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Realistic gundam figurine, perfect for collectors | © Joey/Flickr
Realistic gundam figurine, perfect for collectors | © Joey/Flickr

Nerds Rule: 9 Types of Otaku in Japan

Picture of Alicia Joy
Tokyo Writer
Updated: 3 November 2017

Otaku are enthusiasts with strong, specific interests. Some might view being an otaku as a bad thing, but that doesn’t stop legions of Japanese fans from indulging in their interests whenever they get the chance.

Manga otaku

Manga is a multi-billion dollar industry in Japan and one of the most common obsession among otaku. This is partly because it’s so easy to find a manga to indulge your personal interests, no matter how niche – for example, war stories for gunji-ota (military otaku) or yaoi manga for kifujin (fans of homoerotic manga). Those otaku with a strong interest in manga might have a collection of thousands of books, turning the walls of their bedrooms into shelves to show off their favorites.

Anime otaku

Anime otaku are anime enthusiasts who enjoy collecting and watching anime. While a lot of people might enjoy watching anime, otaku take it to another level and are viewed even nerdier than their manga-loving counterparts. Some people become more obsessed with a certain aspect of anime than others, leading to other types of fan obsession like figurine collecting.

Voice actor otaku / Seiyuu-ota

Seiyuu otaku are an offshoot of anime otaku. These fans have an interest in the voice actors and actresses who work on their favorite shows. They enjoy going to anime conventions, especially when there is a meet-and-greet with their heroes involved. They’ll closely follow the careers of their favorites and support anything they produce, including drama CDs and anime song compilations.

Railway Otaku / Tecchan or testudo-ota

Tetsudo-ota, or railway otaku, are one of the rarer types of otaku. But in the big cities there are plenty of places where they can indulge their interest, from train-themed restaurants and bars to the railway stations themselves. An ideal job for testudo-ota would be anything involving trains, from their design to their operation. Subtype noritetsu enjoy riding on trains, while toritetsu like taking pictures of them.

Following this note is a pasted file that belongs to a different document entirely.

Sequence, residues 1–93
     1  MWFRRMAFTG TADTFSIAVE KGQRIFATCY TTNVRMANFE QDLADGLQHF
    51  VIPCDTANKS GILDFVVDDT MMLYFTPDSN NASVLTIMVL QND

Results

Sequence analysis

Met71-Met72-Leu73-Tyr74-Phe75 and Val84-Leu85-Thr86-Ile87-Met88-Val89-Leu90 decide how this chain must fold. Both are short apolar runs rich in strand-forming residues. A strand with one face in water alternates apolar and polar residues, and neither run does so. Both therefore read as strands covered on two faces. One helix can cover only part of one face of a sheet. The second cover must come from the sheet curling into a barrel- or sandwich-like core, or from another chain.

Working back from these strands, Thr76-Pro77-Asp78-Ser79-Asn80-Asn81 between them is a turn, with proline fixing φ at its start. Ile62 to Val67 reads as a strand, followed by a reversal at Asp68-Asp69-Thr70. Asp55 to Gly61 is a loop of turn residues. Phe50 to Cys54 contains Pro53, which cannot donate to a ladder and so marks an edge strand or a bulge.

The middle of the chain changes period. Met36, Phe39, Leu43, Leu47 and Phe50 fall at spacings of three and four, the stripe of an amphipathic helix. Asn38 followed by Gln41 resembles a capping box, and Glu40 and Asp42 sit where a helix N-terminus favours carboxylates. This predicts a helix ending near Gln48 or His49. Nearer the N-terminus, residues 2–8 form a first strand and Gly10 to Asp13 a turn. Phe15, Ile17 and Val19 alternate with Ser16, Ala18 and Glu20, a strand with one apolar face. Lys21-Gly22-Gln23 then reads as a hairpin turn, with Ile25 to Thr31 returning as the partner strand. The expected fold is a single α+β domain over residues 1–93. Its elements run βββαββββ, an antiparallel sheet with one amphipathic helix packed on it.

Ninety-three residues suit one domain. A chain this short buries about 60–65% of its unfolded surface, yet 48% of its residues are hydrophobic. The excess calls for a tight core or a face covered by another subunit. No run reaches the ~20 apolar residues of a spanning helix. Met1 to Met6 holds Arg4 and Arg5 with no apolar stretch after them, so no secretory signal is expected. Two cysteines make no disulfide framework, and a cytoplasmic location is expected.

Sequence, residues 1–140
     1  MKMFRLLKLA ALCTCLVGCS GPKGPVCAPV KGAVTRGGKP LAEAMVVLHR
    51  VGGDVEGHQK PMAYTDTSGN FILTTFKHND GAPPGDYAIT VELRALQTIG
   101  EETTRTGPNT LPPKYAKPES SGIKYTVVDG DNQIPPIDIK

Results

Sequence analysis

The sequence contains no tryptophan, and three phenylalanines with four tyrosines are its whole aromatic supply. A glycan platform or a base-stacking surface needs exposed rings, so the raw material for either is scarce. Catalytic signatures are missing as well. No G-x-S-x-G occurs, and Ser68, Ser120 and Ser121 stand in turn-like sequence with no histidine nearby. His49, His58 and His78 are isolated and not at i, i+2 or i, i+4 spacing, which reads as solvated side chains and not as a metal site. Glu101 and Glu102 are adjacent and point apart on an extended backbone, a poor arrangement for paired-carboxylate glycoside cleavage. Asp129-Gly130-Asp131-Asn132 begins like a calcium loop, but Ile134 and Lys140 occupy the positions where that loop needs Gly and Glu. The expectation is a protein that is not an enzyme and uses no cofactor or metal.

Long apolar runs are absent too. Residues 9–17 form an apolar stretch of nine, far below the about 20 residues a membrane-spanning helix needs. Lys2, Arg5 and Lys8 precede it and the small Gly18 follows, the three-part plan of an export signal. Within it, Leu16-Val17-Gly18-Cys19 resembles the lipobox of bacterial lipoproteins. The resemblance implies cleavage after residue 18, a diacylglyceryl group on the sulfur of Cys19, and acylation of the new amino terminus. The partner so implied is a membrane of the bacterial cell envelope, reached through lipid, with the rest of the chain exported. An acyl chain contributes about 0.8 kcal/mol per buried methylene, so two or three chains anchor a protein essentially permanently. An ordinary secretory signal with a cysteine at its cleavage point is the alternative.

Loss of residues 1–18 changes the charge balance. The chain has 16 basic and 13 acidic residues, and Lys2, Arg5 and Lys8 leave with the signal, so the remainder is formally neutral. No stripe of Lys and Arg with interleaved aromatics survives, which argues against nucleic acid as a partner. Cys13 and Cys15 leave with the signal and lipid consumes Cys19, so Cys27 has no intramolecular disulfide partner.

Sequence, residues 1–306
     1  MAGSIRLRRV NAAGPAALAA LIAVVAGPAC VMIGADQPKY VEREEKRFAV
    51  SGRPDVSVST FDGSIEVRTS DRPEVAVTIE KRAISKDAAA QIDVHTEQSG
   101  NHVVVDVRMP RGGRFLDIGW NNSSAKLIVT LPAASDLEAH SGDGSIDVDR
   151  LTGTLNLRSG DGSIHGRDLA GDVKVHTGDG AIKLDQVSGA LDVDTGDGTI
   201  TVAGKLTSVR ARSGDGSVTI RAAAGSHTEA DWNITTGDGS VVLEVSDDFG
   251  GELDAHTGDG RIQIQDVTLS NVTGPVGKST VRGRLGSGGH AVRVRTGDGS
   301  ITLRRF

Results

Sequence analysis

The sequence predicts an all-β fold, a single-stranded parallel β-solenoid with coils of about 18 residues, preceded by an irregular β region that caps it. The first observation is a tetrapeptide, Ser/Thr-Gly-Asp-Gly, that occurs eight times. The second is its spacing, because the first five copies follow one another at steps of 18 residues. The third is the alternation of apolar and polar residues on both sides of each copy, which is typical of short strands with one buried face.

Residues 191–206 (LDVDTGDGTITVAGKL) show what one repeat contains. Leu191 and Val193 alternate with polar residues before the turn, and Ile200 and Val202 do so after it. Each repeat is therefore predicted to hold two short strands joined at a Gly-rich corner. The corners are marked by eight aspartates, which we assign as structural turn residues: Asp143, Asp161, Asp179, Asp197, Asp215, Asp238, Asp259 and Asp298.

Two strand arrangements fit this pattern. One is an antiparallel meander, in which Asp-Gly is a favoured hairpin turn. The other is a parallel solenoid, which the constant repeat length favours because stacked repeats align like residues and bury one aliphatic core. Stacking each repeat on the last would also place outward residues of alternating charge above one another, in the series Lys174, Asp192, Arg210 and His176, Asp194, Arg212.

Maid otaku / meido-ota or meidosuki

Maid otaku love the idea of maids: a personal servant who is ready to obey your every whim without question. They’ll frequent maid cafés, where the costumed staff treat them like masters, and have an interest in maid-themed anime, manga, dating sim or eroge (erotic/hentai game).

Military and weapons otaku / Gunji-ota

Gunji-ota includes people who are into the military or aspects of the military, like weaponry, specialized vehicles and uniforms. This also covers those who are into gundam, the enormous militaristic robots from Gundam Series and similar war or fighting machines.

Idol otaku / Wota or aidoru-ota

An idol otaku almost always refers to a male otaku obsessed with female idols. A wota indulges his interest by buying the CDs, posters, art books, trading cards and other merch from their favorite group. They also enjoy going to live shows and buying tickets for the meet-and-greets. If their interest is shared by their friends or a wider group of people, they can organize choreographed dances as another way to get involved with idol culture.

Figurine otaku / Figure-ota

Figurine-collecting otaku focus on collecting figurines of their specific interest, which is usually anime or gaming. These enthusiasts can be fiercely protective of their collections, keeping them in protective display cases or leaving them in the original packaging. Other figure-ota instead like to collect the small figures from gashapon, the vending machines that dispense inexpensive collectibles in a plastic capsule.

PC otaku / Pasocon-ota

Pasocon-ota are interested in the hardware of PCs. They’ll make their own computers from scratch using parts, always trying to get the best performance out of their setup. These otaku are usually interested in PCs because of a primary interest in video gaming or online gaming and are therefore motivated to get speed and video quality that a commercially available computer just can’t provide.